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We don’t like exceptions in security

Professional standards & ethics

08:00 Monday, 18 October 2021

UK Cyber Security Council

There are six simple words which, when uttered, are guaranteed to strike dread into a CISO: “How do I request an exemption?”.

Cyber security is all about establishing the nature of the security-related risks we face and implementing controls (generally policies and procedures) to mitigate them. These controls only work if people abide by them – specifically if everybody abides by them – because, by definition, if a control isn’t used correctly the risk hasn’t been properly mitigated.

Now, security controls often have a downside with regard to convenience. That is, working securely may well need more time, effort and money than working less securely. But controls don’t remove risks, they mitigate them – that is, they reduce them to a level that the business considers acceptable. Part of the process of getting a control approved is to consider – then explain to the approvers – the trade-off between the upside and the downside, in order to arrive at an acceptable compromise.

Not only this, but controls are often not a one-size-fits-all concept. Perhaps, for instance, a “second pair of eyes” check on supplier payments is only required over £500, or a full security assessment is only required where a new supplier you’re signing up with will have access to the personal data for which we’re the Data Controller.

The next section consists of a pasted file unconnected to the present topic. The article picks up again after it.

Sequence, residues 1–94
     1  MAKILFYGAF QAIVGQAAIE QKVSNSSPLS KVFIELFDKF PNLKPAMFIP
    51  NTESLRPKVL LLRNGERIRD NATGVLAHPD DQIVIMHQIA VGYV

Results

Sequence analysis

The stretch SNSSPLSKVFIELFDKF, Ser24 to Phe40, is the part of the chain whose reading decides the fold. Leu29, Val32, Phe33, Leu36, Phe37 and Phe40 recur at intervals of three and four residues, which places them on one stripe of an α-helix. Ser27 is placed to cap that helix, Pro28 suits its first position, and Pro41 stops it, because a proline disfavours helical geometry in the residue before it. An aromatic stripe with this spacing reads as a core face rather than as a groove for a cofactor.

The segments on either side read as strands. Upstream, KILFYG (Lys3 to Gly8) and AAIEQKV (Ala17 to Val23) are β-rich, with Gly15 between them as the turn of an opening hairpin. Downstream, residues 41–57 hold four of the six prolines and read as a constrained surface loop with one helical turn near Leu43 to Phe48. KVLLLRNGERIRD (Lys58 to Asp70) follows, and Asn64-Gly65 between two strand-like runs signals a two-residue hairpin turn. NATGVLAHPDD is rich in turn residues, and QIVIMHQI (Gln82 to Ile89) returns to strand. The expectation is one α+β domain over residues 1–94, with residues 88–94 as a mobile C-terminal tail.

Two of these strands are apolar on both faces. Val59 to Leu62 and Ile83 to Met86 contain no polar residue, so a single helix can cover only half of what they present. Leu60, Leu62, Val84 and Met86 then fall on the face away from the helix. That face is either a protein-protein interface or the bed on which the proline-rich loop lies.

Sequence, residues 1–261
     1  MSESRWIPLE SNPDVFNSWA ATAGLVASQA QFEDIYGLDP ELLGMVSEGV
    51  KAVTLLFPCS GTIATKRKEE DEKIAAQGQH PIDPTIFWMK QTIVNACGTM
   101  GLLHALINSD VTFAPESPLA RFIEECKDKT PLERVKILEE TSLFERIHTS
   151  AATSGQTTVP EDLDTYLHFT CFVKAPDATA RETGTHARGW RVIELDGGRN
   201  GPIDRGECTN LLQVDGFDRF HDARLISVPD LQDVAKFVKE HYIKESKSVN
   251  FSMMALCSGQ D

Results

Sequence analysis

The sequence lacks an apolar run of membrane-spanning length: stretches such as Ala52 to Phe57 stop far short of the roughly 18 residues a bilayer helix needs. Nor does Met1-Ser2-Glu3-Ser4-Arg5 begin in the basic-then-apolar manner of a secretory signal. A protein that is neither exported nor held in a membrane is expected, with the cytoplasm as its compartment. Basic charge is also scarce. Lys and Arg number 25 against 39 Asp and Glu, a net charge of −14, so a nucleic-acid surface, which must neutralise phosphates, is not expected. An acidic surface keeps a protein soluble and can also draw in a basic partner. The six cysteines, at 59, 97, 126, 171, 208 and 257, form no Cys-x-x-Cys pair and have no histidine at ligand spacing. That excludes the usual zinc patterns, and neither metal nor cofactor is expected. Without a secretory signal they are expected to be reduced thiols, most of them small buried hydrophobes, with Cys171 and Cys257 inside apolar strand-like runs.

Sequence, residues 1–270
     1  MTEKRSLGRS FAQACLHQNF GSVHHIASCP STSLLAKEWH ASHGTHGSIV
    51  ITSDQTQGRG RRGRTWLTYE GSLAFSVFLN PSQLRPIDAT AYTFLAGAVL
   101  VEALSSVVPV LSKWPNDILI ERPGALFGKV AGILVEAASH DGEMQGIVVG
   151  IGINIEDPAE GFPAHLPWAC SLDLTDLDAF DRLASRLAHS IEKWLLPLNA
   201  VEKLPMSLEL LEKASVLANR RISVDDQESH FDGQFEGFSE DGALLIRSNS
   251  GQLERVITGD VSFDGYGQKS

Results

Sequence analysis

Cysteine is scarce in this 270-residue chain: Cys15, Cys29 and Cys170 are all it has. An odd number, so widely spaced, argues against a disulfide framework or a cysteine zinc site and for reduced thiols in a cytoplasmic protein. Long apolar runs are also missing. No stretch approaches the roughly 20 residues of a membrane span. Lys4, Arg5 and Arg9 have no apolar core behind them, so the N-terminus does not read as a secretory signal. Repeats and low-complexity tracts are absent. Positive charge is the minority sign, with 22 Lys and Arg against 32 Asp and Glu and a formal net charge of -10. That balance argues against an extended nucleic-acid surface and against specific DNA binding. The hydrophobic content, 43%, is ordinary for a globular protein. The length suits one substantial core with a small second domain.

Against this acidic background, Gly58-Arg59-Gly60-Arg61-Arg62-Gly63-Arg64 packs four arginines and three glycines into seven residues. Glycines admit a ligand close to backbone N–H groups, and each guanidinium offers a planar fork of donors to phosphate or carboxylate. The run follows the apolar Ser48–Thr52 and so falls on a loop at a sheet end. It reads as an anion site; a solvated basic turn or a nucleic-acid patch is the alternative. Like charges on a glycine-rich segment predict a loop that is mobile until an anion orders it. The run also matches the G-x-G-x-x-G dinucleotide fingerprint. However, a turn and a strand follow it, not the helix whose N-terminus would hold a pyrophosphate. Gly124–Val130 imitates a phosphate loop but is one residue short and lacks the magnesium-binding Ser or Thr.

In short, then, controls are there for a reason; and decent controls have been thought through and are proportionate.

Yet from time to time the question arises from a team which wants to sidestep the control: “How do I request an exemption?”. And the correct answer is generally: you can’t. And that’s not because we, the security team, want to be unduly mean and single-minded. It’s because much of the time the unspoken element of what’s being said is that the requester has hit a snag, or has planned poorly, and has reached the stage where the only way to deliver on time and on budget is to take shortcuts. They have a problem, and they want to dig themselves out of a hole by impacting the business’s security.

How many of us have been begged to allow a new system to go live before all the required security testing is done? “Can’t we finish it post-go-live”, comes the cry, but of course once a system is live the genie is out of the bottle, their motivation to test just becomes microscopic, and the CISO is stuck with an untested system that the business won’t let him/her turn off because it would impact customers.

The other issue with allowing exceptions is that it’s a slippery slope. Once you say “yes” a few times, you’ll hear more and more “Oh, you let Finance do it last month, why not us?”.

And of course, the biggest deal is that it’s the exceptions that bite hardest. The malware that hit the business via the sales manager’s laptop whose USB blocking you disabled so he could get that important contract over the line. The dormant user ID that got hacked because you allowed it to remain enabled then forgot about it. The vulnerability that was exploited because you relented and agreed that a team could use an old version of an operating system for application compatibility reasons.

Like we said, controls exist for a reason. And the correct response when asked for an exception should include the words “body”, “dead”, “my” and “over”.